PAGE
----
lecture.1.part.2

lecture.1.part.2 - left behind. A huge mistake made by not...

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Often, we only find fragments of organisms Jaw fragment of a White-tailed deer, Pleistocene, Florida
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How do we get from to ?
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The answer is lies in a science called taphonomy… the study of what happens to organisms after death A fragmentary Coelophysis skeleton from Middletown, CT. ACM 11793c Reconstruction of Coelophysis at Carnegie Museum
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Bones are often scavenged and broken before burial Komodo dragons scavenging a carcass
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Earth processes may destroy organisms Left exposed, bones become brittle and decompose egovamc.com Water will also destroy animals’ hard parts beachhunter.net
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A complete list of taphonomic losses might look like this Taphonomists most often study numbers 2-4. But why even study taphonomy? Because if we understand the steps to the right, we are more likely to be right when we try to interpret an extinct animal from the few parts it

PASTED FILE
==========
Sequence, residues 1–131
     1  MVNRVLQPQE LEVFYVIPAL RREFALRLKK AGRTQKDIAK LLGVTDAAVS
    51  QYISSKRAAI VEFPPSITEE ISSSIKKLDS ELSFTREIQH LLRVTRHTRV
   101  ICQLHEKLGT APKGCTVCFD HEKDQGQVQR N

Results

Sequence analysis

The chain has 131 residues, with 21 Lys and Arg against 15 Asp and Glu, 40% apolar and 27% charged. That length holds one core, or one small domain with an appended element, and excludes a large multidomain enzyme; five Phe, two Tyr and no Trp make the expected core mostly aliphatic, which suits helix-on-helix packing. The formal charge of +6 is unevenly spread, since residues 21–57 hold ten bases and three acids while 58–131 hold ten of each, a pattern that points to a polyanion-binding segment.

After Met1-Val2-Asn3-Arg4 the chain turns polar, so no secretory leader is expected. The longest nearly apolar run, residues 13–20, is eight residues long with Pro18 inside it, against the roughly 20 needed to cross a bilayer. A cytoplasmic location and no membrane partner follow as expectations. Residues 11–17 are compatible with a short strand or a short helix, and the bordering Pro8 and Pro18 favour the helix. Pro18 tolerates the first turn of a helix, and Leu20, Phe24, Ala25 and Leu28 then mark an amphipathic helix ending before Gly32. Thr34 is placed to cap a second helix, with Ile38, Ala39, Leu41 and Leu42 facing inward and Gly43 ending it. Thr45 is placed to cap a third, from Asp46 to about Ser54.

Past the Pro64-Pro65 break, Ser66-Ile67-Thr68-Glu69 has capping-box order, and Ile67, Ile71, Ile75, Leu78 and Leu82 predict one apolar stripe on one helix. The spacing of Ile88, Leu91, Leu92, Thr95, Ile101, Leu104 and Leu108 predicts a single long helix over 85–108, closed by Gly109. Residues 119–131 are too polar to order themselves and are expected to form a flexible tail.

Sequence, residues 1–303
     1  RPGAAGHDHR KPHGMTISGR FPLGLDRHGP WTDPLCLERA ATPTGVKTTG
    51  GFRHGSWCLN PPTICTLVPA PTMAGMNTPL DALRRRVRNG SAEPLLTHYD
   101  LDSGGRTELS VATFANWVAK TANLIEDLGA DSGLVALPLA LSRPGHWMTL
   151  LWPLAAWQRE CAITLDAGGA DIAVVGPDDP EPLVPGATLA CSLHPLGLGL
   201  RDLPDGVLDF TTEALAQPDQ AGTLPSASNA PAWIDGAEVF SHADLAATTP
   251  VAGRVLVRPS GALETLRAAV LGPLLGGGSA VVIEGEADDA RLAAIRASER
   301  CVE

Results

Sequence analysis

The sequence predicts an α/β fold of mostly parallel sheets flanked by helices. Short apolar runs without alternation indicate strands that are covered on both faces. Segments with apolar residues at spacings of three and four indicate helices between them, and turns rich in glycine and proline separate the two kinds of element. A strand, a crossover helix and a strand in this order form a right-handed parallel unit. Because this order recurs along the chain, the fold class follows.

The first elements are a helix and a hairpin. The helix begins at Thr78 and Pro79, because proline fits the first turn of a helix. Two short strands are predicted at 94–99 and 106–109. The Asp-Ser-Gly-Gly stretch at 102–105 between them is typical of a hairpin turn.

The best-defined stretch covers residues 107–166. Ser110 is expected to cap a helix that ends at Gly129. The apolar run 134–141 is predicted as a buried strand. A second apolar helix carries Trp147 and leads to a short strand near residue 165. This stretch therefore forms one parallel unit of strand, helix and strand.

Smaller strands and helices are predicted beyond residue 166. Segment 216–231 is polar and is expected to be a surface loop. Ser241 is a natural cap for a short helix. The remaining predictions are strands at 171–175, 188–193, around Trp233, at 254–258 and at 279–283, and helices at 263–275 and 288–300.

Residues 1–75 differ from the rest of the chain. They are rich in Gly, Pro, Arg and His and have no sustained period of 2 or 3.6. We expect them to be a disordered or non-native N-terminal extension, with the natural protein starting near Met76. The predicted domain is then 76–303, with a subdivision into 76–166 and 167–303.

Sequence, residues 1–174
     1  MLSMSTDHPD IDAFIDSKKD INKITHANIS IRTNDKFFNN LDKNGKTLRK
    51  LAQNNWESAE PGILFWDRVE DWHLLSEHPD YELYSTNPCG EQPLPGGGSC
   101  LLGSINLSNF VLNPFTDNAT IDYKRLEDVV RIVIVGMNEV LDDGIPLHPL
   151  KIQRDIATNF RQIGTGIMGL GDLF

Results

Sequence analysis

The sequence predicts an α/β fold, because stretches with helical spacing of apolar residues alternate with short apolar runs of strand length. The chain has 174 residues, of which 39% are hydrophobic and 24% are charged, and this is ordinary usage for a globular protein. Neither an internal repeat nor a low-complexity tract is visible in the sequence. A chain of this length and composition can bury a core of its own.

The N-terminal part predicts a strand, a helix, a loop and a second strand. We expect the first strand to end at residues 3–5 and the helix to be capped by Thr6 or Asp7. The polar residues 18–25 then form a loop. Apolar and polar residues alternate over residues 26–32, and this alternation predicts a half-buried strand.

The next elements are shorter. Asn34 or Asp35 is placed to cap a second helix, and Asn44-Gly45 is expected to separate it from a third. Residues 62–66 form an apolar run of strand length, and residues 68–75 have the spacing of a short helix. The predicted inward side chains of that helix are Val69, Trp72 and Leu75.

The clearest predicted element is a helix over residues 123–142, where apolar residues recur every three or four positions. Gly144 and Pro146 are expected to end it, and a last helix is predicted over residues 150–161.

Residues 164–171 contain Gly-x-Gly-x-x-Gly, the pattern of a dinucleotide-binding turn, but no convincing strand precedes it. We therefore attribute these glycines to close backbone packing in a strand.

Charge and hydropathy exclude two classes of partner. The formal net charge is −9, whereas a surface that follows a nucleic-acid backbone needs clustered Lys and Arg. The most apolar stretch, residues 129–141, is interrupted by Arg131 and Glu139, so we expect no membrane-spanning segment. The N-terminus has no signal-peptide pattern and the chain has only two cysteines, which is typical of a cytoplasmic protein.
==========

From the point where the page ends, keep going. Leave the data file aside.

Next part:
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Unformatted text preview: left behind. A huge mistake made by not understanding taphonomy Often, before the discovery of well-preserved soft-bodied faunas, the diversity of entire ecosystems was vastly underestimated Climactichnites wilsoni , Cambrian, WI Fossil jellyfish Cambrian, WI Another mistake …this one involving trace fossils • Overestimation the biodiversity of a fauna because of not understanding how the consistency of mud affects footprint shape Thin-toed dinosaur print SSM 26617- made by a thin-toed animal? From Gatesy et al. 1999 A lot of thin-toed tracks are made by thick-toed animals in wet mud! Top of slab bottom of slab The fauna of the Connecticut Valley (measured by types of footprint) was overestimated for over 100 years and only now is it becoming better understood....
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This note was uploaded on 04/22/2008 for the course GEOL 111 taught by Professor Getty during the Fall '07 term at UConn.

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lecture.1.part.2 - left behind. A huge mistake made by not...

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